With that in mind, it’s the playing of the Patch/Inverter which has been Memo’d, and not the corresponding draw, which is more a function of the Time Machine. As you point out, memos should not decrease the hand size of the target.

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Q: Does Crazy Joe’s win condition always have to be within four consecutive rows of the time line?

In order for Crazy Joe to win, he must collapse the timeline. In UberChrononauts, this calls for 13 paradoxes within four consecutive rows. Does the same apply when playing regular Chrononauts with the Gore years expansion? There are five rows in the game, do the 13 paradoxes still have to be within 4 consecutive rows?

A: According to the laws of Temporal Physics, the “within four rows” rule applies any time there are more than four rows on the TimeLine. I realize this makes Crazy Joe’s difficult task all the more difficult, but ye cannot change the laws of temporal physics!

For details about how to figure out how many paradoxes per row counts if your rows are not eight cards wide, see:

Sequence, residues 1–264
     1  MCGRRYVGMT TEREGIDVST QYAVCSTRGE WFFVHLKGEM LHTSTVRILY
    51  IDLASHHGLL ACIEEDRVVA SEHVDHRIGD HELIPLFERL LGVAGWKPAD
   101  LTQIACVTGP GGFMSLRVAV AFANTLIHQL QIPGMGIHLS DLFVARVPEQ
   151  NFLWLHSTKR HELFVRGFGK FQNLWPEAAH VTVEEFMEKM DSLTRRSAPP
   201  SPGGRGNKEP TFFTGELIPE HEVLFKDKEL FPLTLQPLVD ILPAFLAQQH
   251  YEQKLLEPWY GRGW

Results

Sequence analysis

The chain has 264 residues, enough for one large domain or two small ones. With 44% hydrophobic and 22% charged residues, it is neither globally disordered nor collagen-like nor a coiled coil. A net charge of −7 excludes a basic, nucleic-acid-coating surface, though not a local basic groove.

In UberChrononauts, how many paradoxes per row…

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Q: When using the Really Fast Time Machine, do both my plays have to be Inverter or Patch plays?

The Really Fast Time Machine (RFTM) states that you may play an extra Inverter or Patch, and draw to replace it, after your normal turn action. Is it necessary that your normal turn action involved playing an Inverter or Patch?

A: No. You can play anything you want for your turn. In fact, if you have more than one Time Machine in play, you might not even decide to use the RFTM until after you’ve played your regular turn, in fact – you might decide to use a different Time Machine’s power. Using the RFTM allows you a second play on your turn, and it’s THAT play which is limited to timeline changes (Inverter or Patch) with a draw to replace (so that your hand size does not diminish from the extra play).

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Q: We think we broke the game. Are we doing it wrong?

See this answer in a video!
Little Answers